Moose, trolls and fizzlers

06 June 2018

As we were on the border of Big Horn national forest and we weren’t convinced of any target areas being better than where we were, we decided to meander through the forest for a couple of hours, taking in whatever we found on the way, and then hope that some storms would be available, as the models implied they might be, on the other side of the mountains.

At the first viewpoint we stopped at we were joined by a second vehicle within about a minute which turned out, quite randomly, to be another of the UK chase groups out here - guys we know via Torro and previous years: Pete, Dan and Berni. We had a good old catch-up talking over the highs and lows of the chase season and motel life. We gibbered together for about half an hour before heading on through the hills. 2 minutes on down the road was our first impromptu stop - seeing a decent display of iridescence in the clouds. No storms around so any weather phenomena will do.

Iridescence

Carrying on it wasn’t long before we met another (new) friend - a Moose. He wasn’t far from the road, chilling and eating. It was a fantastic opportunity to get pretty close. Given some patience we ended up with him about 10 meters away for a good 20 minutes or so. Indeed after a while I left Cambo to it while I went and took some timelapse of a bubbling cumulus to our southeast that itself was too good to ignore. In these parks it’s always interesting to observe the behaviour of passers by. People stop if they see someone with a camera. Then they get out of their car and take a photo (from next to their car) then back in and hit the road. I imagine many people will recount having seen the moose to anyone who’ll listen later that day, yet very few are willing to go more than a few paces from the car, let alone the full 50 meters down to a prime spot to get a close-up.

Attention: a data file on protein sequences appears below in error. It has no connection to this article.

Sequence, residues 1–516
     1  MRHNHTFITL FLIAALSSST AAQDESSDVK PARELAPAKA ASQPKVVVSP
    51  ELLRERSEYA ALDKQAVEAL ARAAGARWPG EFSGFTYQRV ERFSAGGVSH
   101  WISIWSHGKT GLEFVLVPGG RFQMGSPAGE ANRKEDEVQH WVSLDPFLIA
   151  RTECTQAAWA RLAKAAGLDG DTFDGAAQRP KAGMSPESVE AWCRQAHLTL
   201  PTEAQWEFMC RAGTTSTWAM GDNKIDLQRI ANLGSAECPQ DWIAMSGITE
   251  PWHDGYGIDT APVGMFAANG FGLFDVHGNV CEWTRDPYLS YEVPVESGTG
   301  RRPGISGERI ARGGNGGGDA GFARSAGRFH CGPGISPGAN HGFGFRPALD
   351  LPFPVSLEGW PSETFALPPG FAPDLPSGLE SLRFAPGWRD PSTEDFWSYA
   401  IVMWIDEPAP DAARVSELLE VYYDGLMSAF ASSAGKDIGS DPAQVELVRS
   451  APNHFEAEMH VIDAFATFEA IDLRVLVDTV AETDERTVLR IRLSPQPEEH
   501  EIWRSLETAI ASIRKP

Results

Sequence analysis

Wistful Moose

Moose Eyes

Continuing on we stopped at a couple more nice spots on route, then headed into Ten Sleeps (the town named for the number of sleeps to be expected on the journey to it) to get some fuel and figure out a plan for the storms. There were a few firing over the mountains and some more out to our west, and we kept an eye, but nothing too exciting was going on. We ‘nurdled’ around some storms in the vicinity of Worland and a couple of them looked promising for a time - they had some decent rotation and were tornado warned (spuriously, but it still helps) though ultimately they weren’t amounting to much.

Wall Cloud

Timbo Sky Scape

Mountain Storms

At this time we started getting word about a tornado ongoing near Laramie, about 4 hours south of us that a few chasers were on. It looked amazing. The good thing with tornadoes in Wyoming is that there are about 580,000 people in the state and it’s somewhat larger than the combined area of the UK*, so even a long lasting tornado is relatively likely to be harmless. This one lasted a full hour and didn’t hurt anyone, but it was an incredible looker. Kudos to the chasers on it...and very painful for those of us who weren’t! Anyway...shan’t dwell any further on that.

We wrapped up the day in Wormland (Worland) and set ourselves up to try and forecast where tomorrow’s epic would be. In meteorology weather forecasts are often judged by how good they are compared with “the same as yesterday” which is often the case...so perhaps we just head to Laramie and hope?

* Wyoming: 97914 square miles; England, Wales, Scotland and Northern Ireland: 94681 square miles

SPC Day 1 Weather Outlook as at 06:00UTC (01:00 Central Time the night before)

SPC 01:00UTC day 1 forecast for Wed June 2018

SPC Day 1 Weather Reports for the day.

SPC storm reports for Wed June 2018

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